Some West Campus resident assistants are frustrated at a Housing and Residence Life decision to move back their end of semester leave dates by a week to May 18, saying it was made without sufficient communication and transparency.
Until last week, many West Campus RAs were under the impression that they would be relieved of their responsibilities on May 11, citing emails from HRL, as well as emails and meetings with resident coordinators, who act as RAs’ direct supervisors. A July 26 email sent last year from HRL to all RAs and obtained by The Chronicle included a leave and return date table that listed May 11 as the West Campus spring closing date.
Then last Friday, an anonymous email from an “Unhappy RA” was sent to resident assistants, resident coordinators and HRL leadership.
“Lately, I've heard the news from my fellow RAs that the Move-Out Dates for all RAs are on May 18 for everyone. I and many RAs around me believe this is unjust, unreasonable and irresponsible,” the email read, adding that the RA’s resident coordinator did not explain the reasoning behind the date change.
The Chronicle reached out to the email address for more information Saturday and did not receive a response in time for publication.
In conversations with The Chronicle, several RAs said this email was the first time they heard about the May 18 date. The three RAs that agreed to speak with The Chronicle requested to remain anonymous, citing concerns of retribution and fear of losing their jobs.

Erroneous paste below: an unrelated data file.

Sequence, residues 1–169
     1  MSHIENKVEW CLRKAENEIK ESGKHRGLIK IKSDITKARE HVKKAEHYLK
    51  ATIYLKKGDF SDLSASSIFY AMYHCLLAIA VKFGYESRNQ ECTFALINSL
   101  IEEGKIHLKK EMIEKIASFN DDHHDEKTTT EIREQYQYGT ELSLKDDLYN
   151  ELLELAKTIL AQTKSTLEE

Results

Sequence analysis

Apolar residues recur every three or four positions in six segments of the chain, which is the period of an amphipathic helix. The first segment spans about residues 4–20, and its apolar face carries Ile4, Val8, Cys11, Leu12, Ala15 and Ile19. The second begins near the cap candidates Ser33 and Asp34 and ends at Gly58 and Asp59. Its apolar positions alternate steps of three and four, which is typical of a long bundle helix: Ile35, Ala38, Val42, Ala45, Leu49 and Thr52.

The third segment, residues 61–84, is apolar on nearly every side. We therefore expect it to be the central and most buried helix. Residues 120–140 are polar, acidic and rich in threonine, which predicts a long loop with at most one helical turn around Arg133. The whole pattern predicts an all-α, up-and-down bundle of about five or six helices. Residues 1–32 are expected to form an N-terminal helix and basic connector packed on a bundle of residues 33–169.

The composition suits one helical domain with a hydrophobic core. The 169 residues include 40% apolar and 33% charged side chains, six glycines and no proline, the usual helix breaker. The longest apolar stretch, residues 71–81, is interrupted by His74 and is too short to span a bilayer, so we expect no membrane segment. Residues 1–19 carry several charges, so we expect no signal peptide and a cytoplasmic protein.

When the anonymous email was sent, “our quad group chat, where we express frustrations, started blowing up. I got 42 messages in three minutes,” one West Campus RA said.
His residence coordinator had communicated May 11 as the leave date as recently as December at the end of the fall semester, he said. When he prodded his residence coordinator over the weekend for more information, she didn’t respond.
“At the time, I was like, maybe [the Unhappy RA email] is a little over-dramatic. But over the weekend, as things began to fester ... a lot of [the email’s sentiments] began to ring true,” he said.
For some RAs, the leave date change is just the latest instance of what they see as HRL’s long-standing lack of communication and support for RAs.
“I think everything’s boiled up and this was the issue that broke the camel’s back,” the RA said.
Discrepancies with RA leave dates
On Monday, Brandin Howard, associate dean for residence life, responded to the anonymous email, saying that RAs were previously informed of the change in departure date.
“The departure date for RAs was changed to May 18th in August and was communicated to each RA staff by their Residence Coordinator, as well as in the Universal Manual which was sent on September 1st,” Howard wrote in his response, which was obtained by The Chronicle.
He also stated that the original leave and return dates were changed due to a shift in the academic calendar that occurred over the summer.